'Biopen' Can 3D print Cartilage During Surgery [With Video]

Discussion in 'Off Topic Forum' started by dgstorm, Apr 4, 2016.

  1. dgstorm

    dgstorm Editor in Chief
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    Here's an amazing Off Topic bit of tech news to brighten your day. Doctors working directly with scientists have developed a working "Biopen" which can 3D Print cartilage and other tissue on the fly during surgery. The device uses hydrogel and your own stem cells for its "ink." The device can be used in various forms of surgery where custom tissue generation is required.

    During a procedure, the "Biopen" allows surgeons to precisely customize the joint to the patient. It uses surgical "scaffolds," and permanently hardens the biogel using ultraviolet light. The "Biopen" is still in testing, and there is no word on when it will be used for human trials; however, the current testing results are promising, so it likely won't take too long before we see this come to hospitals and clinics.

    Be sure to check out the video demo in the thread below.
     
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  2. dgstorm

    dgstorm Editor in Chief
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    Here's that video:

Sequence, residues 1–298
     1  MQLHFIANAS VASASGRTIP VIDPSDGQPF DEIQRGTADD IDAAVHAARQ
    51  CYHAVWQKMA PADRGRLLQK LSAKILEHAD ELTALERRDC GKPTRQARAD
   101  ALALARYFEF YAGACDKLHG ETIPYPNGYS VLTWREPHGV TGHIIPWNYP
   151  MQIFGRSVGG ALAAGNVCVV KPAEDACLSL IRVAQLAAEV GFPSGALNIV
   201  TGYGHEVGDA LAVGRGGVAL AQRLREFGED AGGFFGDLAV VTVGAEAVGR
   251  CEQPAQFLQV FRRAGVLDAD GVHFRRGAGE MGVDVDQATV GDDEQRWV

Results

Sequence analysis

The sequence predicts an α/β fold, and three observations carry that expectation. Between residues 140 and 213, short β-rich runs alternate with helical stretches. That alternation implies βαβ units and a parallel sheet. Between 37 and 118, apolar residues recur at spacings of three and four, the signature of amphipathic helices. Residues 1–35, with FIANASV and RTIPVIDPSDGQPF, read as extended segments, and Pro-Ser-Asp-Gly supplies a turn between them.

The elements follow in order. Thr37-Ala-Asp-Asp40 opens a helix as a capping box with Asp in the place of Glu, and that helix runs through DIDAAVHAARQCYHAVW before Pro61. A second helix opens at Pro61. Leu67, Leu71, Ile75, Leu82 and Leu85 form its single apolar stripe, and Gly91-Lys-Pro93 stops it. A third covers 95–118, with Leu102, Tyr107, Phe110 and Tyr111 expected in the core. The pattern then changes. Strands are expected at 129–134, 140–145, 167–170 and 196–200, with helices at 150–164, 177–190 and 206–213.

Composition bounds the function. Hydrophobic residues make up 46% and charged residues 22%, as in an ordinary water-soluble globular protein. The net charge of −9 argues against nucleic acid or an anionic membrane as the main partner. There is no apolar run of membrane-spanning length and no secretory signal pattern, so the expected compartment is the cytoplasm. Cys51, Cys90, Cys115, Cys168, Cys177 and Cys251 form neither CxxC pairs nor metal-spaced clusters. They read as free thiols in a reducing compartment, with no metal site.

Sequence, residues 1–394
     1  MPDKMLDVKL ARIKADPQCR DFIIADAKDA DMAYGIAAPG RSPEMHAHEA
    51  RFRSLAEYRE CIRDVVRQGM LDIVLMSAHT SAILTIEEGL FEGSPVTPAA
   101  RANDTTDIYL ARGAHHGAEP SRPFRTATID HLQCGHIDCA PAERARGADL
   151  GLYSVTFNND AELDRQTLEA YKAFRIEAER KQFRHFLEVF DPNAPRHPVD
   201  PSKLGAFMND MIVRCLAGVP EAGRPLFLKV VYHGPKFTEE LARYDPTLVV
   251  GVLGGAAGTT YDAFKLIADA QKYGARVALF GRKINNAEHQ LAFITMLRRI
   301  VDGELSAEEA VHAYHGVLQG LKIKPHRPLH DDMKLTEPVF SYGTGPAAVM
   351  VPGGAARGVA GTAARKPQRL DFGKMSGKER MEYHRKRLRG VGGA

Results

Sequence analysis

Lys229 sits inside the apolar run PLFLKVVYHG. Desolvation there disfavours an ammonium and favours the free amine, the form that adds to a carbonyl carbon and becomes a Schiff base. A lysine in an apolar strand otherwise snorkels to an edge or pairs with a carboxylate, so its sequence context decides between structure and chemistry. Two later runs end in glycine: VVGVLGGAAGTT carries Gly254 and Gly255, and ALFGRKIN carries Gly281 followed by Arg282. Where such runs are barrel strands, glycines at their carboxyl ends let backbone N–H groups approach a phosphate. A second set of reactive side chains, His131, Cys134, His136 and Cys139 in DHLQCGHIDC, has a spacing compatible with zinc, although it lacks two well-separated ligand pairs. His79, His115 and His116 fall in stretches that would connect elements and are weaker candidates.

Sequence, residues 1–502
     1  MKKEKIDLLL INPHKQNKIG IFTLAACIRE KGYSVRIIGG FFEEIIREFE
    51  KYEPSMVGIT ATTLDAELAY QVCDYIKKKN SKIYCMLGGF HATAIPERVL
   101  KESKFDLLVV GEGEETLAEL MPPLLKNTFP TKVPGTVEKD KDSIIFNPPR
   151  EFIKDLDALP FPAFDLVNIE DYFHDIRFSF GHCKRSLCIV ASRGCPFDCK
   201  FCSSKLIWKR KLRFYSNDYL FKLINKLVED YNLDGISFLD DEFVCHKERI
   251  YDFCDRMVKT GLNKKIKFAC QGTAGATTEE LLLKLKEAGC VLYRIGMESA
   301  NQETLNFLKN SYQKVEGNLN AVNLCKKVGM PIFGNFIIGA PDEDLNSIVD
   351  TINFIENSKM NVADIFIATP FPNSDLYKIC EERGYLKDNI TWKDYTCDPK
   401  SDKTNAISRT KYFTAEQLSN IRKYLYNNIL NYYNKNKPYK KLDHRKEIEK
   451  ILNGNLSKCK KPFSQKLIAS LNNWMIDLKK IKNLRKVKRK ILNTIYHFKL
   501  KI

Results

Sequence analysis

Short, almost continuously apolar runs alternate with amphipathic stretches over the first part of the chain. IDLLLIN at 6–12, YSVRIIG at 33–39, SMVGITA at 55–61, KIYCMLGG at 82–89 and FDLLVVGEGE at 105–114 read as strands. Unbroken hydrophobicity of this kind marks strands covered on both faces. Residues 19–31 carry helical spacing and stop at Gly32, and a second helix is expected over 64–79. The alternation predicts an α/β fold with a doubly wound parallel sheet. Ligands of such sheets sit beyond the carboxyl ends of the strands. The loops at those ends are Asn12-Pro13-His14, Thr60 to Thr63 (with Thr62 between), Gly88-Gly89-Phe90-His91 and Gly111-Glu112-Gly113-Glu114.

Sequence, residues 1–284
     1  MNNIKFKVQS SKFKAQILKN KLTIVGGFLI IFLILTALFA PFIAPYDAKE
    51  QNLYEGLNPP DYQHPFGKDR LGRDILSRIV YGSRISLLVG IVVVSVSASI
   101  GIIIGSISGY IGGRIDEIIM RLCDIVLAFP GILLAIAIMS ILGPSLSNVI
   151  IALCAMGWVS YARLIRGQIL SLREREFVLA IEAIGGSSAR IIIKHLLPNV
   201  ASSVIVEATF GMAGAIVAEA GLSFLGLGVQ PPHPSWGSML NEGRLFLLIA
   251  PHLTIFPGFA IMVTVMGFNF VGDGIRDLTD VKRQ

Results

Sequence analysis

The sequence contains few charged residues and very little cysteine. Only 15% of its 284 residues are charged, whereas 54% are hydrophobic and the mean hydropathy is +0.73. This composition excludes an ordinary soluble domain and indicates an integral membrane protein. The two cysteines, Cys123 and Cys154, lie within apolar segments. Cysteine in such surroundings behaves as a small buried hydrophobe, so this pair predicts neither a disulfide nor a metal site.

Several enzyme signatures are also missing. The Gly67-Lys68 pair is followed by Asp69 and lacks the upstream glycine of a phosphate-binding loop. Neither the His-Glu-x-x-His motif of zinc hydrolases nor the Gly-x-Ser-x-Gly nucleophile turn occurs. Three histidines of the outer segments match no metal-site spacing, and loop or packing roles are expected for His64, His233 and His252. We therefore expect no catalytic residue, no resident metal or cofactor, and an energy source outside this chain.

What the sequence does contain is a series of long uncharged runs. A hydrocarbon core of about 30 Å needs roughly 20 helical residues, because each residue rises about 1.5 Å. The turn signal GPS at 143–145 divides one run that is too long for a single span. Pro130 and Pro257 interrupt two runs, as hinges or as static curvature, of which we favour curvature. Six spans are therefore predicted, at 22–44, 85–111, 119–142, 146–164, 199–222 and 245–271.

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  3. johnomaz

    johnomaz Silver Member

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    So what exactly is the difference between 3D printing and just extruding some material?
     
  4. FoxKat

    FoxKat Premium Member
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    Well really almost nothing, since 3D printing works by extruding (typically), plastic. And yet also everything, because what makes it 3D is by doing precise applications of minute quantities in thin successive layers, resulting in the height (the third dimension).

    Sent from my XT1585 using Tapatalk
     
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  5. johnomaz

    johnomaz Silver Member

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    Exactly, I'm just not sure why this is called 3D printing. I mean, technically using a syringe to put some neosporin on your skin is 3D printing. I feel they are just using this as a buzz word to get your attention.
     
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  6. LoneWolfArcher

    LoneWolfArcher Silver Member

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    More important than the nomenclature is the ability to "recreate cartilage", something our bodies cannot do. (Cartilage unlike bone cannot regenerate.) This is a pretty cool advancement for people that lose ears or noses, or parts of ears (Evander Holyfield?) and noses in accidents.
     
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